Researchers Claim Older Motorcyclists in Illinois and Elsewhere Are More Likely to Be Severely Hurt in a Crash

In a report that was recently published in the journal Injury Prevention, researchers claim motorcyclists over age 60 are three times more likely to sustain a serious injury in a crash than their younger counterparts. As part of the study, researchers at Brown University reportedly analyzed motorcycle accident data included in the United States National Electronic Injury Surveillance System-All Injury Program between 2001 and 2008. The study authors then allegedly identified about 1.5 million collisions that involved a person over the age of 20 who received care at a hospital emergency room and divided the victims into three age groups. According to researchers, although motorcycle crash rates increased for all age groups between 2001 and 2008, injury rates for individuals over age 60 purportedly rose by nearly 250 percent. In addition, riders who were between the ages of 40 and 59 were purportedly twice as likely to be treated at a hospital after a wreck as younger motorcyclists.

Researchers claim that the two older age groups were significantly more likely to sustain a severe injury than those between the ages of 20 and 39. The most common injuries reportedly included broken bones and dislocations. The study authors claim older riders were at an increased risk for such injuries, especially near the rib cage. In addition, internal organ damage and traumatic brain injuries were also allegedly more likely to occur as a biker advanced in age. Regardless of age, researchers claim that approximately 85 percent of individuals hurt in a motorcycle crash across the nation are male.

Researchers stated the results of the study are particularly troubling because statistics demonstrate that an increasing number of older Americans are now driving motorcycles. In fact, the number of riders over age 50 increased from one in 10 to one in four between 1990 and 2003. Additionally, the age of injured motorcyclists purportedly increased steadily between 2000 and 2006. The study authors hypothesized that the rate and severity of injuries among older riders may have resulted from physiological changes such as decreased elasticity and weaker bones that normally occur with the aging process.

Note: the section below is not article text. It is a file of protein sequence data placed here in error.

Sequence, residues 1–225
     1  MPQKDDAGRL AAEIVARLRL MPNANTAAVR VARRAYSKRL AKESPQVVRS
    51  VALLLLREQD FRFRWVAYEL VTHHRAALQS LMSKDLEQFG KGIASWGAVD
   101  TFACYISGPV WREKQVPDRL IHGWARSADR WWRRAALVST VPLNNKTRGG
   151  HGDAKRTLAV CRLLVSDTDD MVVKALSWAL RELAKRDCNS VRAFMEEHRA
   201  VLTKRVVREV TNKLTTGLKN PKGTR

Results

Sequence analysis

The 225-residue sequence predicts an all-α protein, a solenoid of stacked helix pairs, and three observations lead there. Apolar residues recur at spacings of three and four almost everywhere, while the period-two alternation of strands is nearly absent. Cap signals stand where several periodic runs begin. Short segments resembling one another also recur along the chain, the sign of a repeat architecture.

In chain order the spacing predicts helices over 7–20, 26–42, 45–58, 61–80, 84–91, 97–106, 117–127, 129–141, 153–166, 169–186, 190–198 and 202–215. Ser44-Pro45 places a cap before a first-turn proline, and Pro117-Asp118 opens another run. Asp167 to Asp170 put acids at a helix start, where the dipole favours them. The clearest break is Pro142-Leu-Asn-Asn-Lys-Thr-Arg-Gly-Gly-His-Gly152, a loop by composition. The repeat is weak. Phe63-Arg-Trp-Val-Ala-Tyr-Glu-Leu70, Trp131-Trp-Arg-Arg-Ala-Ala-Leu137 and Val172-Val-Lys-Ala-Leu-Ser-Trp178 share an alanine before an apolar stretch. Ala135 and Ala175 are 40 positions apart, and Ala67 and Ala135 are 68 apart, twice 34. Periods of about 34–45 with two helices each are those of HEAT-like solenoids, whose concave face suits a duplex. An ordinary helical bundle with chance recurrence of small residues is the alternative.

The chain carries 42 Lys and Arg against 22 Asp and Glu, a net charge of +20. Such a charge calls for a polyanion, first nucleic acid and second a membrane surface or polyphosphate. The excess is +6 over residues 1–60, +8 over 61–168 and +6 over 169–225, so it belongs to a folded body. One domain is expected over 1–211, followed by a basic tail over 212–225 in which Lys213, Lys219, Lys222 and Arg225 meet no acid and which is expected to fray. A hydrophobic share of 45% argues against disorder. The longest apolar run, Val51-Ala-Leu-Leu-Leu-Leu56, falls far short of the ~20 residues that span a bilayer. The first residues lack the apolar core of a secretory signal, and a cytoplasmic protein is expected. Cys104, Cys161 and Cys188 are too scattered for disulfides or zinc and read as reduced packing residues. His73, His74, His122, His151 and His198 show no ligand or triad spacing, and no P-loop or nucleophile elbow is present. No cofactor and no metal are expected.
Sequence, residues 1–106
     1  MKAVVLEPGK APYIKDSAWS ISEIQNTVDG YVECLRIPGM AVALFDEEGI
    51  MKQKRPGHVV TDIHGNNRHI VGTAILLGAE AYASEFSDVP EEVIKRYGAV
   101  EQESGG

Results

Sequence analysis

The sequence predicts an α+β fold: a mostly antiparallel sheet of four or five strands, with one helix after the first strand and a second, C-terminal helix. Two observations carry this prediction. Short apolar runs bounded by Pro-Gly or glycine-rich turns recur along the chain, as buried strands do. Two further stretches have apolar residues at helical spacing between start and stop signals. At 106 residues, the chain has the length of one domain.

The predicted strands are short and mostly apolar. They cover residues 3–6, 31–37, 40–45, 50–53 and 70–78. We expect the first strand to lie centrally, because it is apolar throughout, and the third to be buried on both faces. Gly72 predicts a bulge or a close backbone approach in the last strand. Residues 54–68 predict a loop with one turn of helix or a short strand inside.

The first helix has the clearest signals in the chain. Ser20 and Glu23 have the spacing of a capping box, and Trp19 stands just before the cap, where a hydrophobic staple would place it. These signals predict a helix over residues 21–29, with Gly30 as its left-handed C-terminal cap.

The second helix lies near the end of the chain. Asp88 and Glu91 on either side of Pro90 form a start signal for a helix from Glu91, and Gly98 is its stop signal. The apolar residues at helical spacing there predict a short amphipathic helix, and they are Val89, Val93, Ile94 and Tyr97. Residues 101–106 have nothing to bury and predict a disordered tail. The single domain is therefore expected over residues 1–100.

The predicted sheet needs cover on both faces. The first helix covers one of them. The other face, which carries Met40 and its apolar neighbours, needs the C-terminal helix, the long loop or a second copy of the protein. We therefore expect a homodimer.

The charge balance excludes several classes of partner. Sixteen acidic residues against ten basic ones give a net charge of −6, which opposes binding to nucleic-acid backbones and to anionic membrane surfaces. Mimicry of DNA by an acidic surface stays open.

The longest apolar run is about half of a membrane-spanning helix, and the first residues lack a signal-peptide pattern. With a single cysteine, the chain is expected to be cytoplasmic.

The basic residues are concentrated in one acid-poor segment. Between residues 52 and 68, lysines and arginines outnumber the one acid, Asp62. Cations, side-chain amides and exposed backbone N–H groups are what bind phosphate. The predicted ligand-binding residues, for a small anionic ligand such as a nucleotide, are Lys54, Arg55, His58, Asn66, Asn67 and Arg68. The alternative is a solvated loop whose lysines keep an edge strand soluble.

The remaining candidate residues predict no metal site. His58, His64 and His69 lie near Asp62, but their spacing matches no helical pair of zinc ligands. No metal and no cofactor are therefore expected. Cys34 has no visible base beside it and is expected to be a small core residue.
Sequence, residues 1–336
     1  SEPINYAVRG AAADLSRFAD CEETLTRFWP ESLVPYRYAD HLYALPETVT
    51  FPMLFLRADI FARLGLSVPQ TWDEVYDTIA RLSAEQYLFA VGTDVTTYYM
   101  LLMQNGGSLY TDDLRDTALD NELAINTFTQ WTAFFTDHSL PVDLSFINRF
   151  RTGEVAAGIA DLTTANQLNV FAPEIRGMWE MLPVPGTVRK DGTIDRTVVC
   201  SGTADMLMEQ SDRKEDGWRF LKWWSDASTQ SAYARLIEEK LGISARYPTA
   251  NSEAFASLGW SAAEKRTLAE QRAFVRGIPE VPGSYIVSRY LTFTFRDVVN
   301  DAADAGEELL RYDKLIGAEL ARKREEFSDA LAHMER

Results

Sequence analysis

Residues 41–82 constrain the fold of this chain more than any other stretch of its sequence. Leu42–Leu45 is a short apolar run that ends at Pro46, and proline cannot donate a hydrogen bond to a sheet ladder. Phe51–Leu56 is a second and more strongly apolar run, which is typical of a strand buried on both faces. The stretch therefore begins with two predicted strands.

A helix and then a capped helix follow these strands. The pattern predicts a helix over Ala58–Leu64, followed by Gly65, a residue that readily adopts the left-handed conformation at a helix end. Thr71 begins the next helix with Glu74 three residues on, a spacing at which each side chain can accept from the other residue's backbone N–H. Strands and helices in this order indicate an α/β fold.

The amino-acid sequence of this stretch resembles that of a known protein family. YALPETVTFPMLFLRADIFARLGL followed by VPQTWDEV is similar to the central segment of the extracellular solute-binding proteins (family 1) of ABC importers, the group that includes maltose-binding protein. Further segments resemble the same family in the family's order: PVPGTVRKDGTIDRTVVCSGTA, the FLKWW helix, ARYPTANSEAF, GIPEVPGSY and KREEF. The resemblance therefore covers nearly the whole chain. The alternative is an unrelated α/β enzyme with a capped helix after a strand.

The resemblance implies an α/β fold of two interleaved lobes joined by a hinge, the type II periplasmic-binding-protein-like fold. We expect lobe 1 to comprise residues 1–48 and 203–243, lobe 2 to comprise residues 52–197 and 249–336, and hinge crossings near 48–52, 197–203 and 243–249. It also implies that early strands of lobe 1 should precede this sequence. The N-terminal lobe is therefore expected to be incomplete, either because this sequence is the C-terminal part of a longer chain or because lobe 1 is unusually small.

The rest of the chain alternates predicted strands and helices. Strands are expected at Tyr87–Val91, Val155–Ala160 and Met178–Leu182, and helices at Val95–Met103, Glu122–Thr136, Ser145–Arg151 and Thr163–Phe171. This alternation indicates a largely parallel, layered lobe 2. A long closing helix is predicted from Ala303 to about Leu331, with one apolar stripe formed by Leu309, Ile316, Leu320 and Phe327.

Too often, motorcycle riders are catastrophically hurt or killed when involved in a collision with another vehicle. Because riders are provided with little protection, motorcyclists may suffer paralysis, traumatic head and spinal cord injuries, burn injuries, fractured bones, or even death. Although some reportedly believe motorcyclists are more likely to engage in unsafe driving behavior, most motorcycle crashes in our state are caused by another driver’s negligence. Because Illinois is a comparative negligence accident state, a motorcycle rider may be eligible to recover financial damages for any injuries sustained in a wreck even if he or she was somehow partially to blame. If you or a loved one was injured a Chicago motorcycle accident, you should contact a skilled lawyer as soon as you are able.

If you were hurt in an unexpected motorcycle crash, please call Abels & Annes, P.C. at (312) 924-7575. At Abels & Annes, P.C., our experienced Chicago area motorcycle accident attorneys are available to assist you 24 hours per day, seven days per week. Our dedicated lawyers are committed to helping injured clients achieve the compensation they deserve following an unexpected injury accident. To speak with a knowledgeable personal injury attorney today, do not hesitate to contact Abels & Annes, P.C. through the law firm’s website.

More Blogs:

Proposed Federal Law Would Require Data Recorders in All New Vehicles Sold in Illinois and Nationwide, Chicago Personal Injury Lawyer Blog, February 21, 2013
Orland Park Man Killed in Tragic Carroll County Single-Vehicle Crash, Chicago Personal Injury Lawyer Blog, February 17, 2013
Additional Resources:

Older Motorcyclists More Likely To Be Severely Injured In Crashes, by Sarah Glynn, Medical News Today

Contact Information